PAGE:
Disgruntled shareholders of German pay TV operator Premiere have launched a lawsuit against the multi-channel platform for publishing what they say were falsified subscriber numbers and misrepresenting the state of the company under its previous management.
In October, Premiere execs admitted the feevee platform had nearly 1 million fewer subscribers than it had previously touted — 2.4 million instead of the 3.5 million reported in June.
Accompanying a stark profit warning, the admission caused Premiere’s share price to plummet. It also led to the resignation of Premiere’s chief financial officer, Alexander Teschner, just a month after the exit of former CEO Michael Boernicke, who was replaced by Mark Williams, News Corp.’s finance chief for Europe and Asia.
At the time, irate shareholders had threatened legal action, saying the feevee operator withheld information that would have had a direct impact on the company’s share price.
News Corp. took control of Premiere last year, suffering a major financial hit from its investment as the paybox’s share price plunged.
In its lawsuit, filed in Frankfurt’s regional court, the group of shareholders accuse Premiere of publishing false information in company literature prior to its 2005 initial public offering and again in 2007 for another share issuance.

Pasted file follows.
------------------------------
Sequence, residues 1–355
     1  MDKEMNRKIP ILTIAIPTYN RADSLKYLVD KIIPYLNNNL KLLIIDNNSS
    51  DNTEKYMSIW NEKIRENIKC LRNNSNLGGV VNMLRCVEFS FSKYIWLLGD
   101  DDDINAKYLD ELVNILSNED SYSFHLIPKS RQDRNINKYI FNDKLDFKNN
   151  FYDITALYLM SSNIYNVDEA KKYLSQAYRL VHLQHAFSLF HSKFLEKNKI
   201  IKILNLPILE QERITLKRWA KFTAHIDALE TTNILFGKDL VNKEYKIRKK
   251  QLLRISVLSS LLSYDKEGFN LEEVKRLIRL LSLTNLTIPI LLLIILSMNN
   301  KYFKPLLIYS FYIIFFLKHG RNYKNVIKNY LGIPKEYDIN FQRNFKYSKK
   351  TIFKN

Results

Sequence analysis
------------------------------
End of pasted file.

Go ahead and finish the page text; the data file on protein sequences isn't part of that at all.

Premiere’s management, installed last year after Rupert Murdoch began building up his stake in Premiere — currently at 29% — has been busy cleaning house and restructuring the company following the exit of Premiere’s former management. Critics hold former chief exec Georg Kofler, who stepped down in 2007, responsible for the misleading figures that at the time buoyed Premiere’s prospects and enticed investors.
Earlier this month, Premiere said it aimed to raise E411.6 million ($542.3 million) by issuing 367.5 million new shares for $1.47 each.
Premiere has seen its share price plummet 90% in the past year to its current price of $1.80.